Although it has been applied only for a short period, the DPF is already facing legal challenge at the Court of Justice of the European Union (CJEU). In particular, French parliamentarian Philippe Latombe has initiated a direct action for annulment of the European Commission adequacy decision, and Austrian privacy activist Max Schrems is also said to be preparing a challenge to the DPF, potentially as an indirect action in a Member State court.
In light of such efforts, the Max Planck Institute for Procedural Law (MPI) convened a conference in Luxembourg in September to examine the DPF in the context of European fundamental rights and data protection law. MPI’s outgoing director, Professor Burkhard Hess, hosted the proceedings, which were also co-organized by the author of this post. Attendees included EU and U.S. negotiators of the DPF, judicial officials, internationally known experts in the areas of data protection and national security law, civil society representatives, and legal practitioners.
The two primary topics of discussion were whether a necessity and proportionality standard for the U.S. national security collection of personal data transferred from the EU to the United States would satisfy EU law, and how reinforced U.S. oversight and redress mechanisms for addressing claimed data privacy rights violations would compare to EU law requirements. Other points of discussion included whether the CJEU should apply to data transfers to third countries its separate jurisprudence relating to the retention of data by member state law enforcement agencies, and whether the CJEU should take into account longstanding case law of the European Court of Human Rights (ECTHR) on surveillance of individuals by security services. Additionally, it was debated whether the CJEU should consider how EU member states conduct intelligence activities when assessing US counterparts, and if it should also devote more of a focus to ongoing transfers of EU data to authoritarian states such as Russia.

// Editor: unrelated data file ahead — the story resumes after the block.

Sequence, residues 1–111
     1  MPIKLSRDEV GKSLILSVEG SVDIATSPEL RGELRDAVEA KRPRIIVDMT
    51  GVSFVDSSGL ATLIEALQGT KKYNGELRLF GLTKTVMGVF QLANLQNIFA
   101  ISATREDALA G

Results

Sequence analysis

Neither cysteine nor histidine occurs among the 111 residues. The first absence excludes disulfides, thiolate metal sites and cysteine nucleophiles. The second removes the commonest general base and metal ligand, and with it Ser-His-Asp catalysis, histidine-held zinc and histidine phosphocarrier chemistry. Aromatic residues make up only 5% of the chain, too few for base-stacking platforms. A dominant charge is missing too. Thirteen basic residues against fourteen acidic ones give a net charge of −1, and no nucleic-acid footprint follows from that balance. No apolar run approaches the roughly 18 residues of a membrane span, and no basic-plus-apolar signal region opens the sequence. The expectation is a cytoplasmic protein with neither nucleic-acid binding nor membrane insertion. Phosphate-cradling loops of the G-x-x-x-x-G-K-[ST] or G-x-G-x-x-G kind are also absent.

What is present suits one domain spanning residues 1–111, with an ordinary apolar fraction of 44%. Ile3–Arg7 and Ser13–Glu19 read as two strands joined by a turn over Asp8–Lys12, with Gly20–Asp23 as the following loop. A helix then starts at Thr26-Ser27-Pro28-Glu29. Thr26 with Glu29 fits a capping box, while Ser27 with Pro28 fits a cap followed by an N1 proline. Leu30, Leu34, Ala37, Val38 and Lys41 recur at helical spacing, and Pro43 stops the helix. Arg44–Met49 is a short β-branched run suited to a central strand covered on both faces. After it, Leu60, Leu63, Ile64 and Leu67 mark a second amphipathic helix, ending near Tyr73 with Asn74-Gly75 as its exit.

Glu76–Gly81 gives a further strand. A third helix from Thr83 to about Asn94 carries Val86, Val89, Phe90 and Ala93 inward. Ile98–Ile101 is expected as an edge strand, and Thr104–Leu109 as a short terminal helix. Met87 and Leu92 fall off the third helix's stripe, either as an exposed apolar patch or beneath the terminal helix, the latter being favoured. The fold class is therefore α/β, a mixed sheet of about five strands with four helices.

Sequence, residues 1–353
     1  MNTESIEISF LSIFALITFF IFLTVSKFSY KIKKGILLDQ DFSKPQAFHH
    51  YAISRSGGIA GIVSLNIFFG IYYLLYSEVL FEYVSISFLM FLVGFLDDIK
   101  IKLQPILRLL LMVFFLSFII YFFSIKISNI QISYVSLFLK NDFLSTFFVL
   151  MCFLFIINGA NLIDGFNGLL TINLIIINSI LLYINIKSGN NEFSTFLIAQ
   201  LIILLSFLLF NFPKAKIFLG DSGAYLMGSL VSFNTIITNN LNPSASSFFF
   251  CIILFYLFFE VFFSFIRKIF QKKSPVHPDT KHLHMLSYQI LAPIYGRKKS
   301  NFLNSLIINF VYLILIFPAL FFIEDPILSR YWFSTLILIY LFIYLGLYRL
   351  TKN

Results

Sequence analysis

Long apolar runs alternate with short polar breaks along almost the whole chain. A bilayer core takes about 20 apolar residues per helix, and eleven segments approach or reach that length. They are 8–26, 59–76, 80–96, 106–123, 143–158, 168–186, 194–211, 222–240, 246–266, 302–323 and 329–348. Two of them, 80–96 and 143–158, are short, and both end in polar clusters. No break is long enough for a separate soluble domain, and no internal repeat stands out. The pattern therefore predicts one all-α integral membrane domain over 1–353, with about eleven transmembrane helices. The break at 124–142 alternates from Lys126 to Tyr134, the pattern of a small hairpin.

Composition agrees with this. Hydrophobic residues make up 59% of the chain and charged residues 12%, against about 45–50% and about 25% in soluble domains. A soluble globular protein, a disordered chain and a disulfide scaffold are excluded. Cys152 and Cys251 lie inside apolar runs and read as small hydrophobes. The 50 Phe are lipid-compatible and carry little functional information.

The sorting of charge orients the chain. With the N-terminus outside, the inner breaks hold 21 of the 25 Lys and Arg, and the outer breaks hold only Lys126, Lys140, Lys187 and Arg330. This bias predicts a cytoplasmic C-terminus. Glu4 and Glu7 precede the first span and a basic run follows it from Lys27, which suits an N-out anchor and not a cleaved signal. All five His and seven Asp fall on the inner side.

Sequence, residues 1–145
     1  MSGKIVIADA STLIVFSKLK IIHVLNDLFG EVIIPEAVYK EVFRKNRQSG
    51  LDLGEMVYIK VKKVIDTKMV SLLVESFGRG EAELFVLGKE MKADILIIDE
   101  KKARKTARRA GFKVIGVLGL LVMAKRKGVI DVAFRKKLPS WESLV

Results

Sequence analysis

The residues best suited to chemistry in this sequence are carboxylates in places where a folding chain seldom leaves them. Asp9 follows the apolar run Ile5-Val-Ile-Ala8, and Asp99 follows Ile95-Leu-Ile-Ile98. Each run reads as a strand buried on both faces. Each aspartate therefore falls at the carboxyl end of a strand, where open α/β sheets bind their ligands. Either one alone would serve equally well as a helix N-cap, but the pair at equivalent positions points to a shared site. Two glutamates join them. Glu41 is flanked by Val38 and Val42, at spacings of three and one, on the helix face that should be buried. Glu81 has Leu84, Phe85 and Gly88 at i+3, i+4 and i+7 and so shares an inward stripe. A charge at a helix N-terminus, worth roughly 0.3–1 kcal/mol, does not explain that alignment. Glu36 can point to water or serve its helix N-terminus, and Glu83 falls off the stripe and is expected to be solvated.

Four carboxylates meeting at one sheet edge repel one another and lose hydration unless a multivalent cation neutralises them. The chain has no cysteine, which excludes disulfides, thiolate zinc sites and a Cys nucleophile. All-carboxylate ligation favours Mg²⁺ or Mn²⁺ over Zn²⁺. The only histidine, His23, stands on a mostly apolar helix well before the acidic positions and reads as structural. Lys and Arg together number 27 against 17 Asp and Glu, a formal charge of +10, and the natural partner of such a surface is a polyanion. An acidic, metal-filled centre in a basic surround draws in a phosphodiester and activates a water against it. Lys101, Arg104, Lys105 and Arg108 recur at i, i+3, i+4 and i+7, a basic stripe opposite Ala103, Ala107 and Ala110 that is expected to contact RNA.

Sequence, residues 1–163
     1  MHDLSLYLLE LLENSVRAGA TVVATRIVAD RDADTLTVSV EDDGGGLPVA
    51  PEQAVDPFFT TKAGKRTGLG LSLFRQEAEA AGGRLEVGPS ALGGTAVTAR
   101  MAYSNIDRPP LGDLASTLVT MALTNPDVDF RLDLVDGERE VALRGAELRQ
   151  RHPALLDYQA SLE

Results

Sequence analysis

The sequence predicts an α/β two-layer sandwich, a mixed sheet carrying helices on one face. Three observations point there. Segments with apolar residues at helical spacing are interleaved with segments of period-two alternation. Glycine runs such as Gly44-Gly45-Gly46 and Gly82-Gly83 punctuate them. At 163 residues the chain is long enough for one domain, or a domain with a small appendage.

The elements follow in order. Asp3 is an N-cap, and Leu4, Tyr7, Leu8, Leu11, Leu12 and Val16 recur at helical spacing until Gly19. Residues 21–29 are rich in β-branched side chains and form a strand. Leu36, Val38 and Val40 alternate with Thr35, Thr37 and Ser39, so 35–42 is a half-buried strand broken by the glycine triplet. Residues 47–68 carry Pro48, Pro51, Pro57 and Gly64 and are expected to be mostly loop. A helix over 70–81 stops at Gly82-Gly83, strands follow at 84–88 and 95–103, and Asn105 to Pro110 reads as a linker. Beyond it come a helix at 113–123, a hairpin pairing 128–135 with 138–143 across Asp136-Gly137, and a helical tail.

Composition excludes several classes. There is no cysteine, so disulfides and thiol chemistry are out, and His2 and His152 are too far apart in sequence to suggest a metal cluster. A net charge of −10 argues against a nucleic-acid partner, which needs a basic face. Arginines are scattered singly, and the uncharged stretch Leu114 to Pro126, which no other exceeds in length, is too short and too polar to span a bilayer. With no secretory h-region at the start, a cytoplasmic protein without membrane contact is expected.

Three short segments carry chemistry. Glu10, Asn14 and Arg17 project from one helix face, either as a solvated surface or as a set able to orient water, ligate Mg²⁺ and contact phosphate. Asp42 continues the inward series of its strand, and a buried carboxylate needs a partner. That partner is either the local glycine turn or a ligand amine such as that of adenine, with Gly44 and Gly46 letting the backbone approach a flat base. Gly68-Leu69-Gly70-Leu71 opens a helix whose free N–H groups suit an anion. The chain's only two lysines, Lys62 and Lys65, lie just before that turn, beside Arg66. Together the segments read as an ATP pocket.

Discussions at the conference suggested that issues relating to necessity and proportionality may prove thornier for the CJEU to resolve than those relating to oversight and redress. Other wildcards include EU member state disquiet regarding increased CJEU scrutiny of their intelligence programs and, at the same time, an emerging awareness within the EU of weaknesses in member states’ own surveillance oversight mechanisms.
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These statements are attributable only to the author, and their publication here does not necessarily reflect the view of the Cross-Border Data Forum or any participating individuals or organizations.